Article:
Sri Lanka has shown a significant improvement in the 2018 Global Peace Index (GPI) jumping 13 notches to rank 67th out of 163 countries with a global score of 1.954.Sri Lanka was again the second most peaceful nation in South Asia, and the second largest riser in the region last year.
The GPI, produced by the Institute for Economics and Peace (IEP), covers 99.7 per cent of the worldï¿½s population in 163 countries, using 23 qualitative and quantitative indicators from highly respected sources, and measures the state of peace using three thematic domains: the level of Societal Safety and Security; the extent of Ongoing Domestic and International Conflict; and the degree of Militarization.
Although Sri Lanka’s scores for terrorism impact, the incarceration rate and military expenditure improved, there are some worrying signs for the future, the, GPI report noted. The scores for both refugees and IDPs and political instability deteriorated, a reflection of waning confidence that President Maithripala Sirisena can deliver the reforms his government promised.
There are also signs that communal tension is once again on the rise: the government declared a state of emergency in March 2018 to prevent violent demonstrations by radical Buddhist elements of the Sinhalese majority against the countryï¿½s Muslim minority in the city of Kandy from spreading nationwide. South Asia experienced the largest regional improvement in peacefulness, with Bhutan, Sri Lanka, India, and Nepal all improving. Inequality of peace in the region continued to widen over the year, with the least peaceful nations continuing their decline, while the most peaceful – Bhutan and Sri Lanka – continued to improve. Bhutan ranked 19th, Bangladesh 93rd, India 136th, Pakistan 151st and Afghanistan 162nd.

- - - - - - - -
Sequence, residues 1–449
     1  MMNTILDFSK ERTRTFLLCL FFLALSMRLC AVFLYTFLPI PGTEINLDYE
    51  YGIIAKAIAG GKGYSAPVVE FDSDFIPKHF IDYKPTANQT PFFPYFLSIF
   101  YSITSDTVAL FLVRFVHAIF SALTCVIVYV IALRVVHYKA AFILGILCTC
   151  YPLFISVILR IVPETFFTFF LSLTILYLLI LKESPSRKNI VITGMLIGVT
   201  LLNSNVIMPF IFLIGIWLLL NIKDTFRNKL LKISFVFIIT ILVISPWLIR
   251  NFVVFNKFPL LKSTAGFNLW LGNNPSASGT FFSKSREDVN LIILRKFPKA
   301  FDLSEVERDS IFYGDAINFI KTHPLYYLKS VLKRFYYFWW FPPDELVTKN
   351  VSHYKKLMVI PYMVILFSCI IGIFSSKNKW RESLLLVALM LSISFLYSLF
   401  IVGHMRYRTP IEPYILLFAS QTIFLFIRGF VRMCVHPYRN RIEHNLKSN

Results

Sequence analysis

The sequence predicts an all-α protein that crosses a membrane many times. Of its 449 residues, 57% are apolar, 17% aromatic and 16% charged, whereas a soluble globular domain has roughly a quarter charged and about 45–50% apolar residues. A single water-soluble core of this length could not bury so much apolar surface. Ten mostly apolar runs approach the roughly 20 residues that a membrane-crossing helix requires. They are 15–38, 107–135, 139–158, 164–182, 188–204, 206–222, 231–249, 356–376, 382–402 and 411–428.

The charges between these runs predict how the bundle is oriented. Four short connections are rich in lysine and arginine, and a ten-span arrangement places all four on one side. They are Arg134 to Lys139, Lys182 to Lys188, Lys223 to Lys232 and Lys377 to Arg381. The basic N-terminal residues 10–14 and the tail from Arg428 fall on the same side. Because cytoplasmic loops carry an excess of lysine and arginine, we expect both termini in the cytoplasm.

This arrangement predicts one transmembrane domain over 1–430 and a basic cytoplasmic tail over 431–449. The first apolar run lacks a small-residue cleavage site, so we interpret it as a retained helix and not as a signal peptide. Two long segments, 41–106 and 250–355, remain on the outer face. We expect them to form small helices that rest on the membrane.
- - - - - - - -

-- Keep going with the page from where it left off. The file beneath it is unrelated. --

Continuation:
Iceland has retained its place as the most peaceful country in the world since 2008, followed by New Zealand, Austria, Portugal, and Denmark in the top five while war-ravaged Syria and Afghanistan remained at the bottom of the rankings.
The average level of global peacefulness has declined for the fourth consecutive year, falling by 0.27 percent in 2017. The results of the 2018 Global Peace Index (GPI) find that 92 countries deteriorated, while only 71 improved.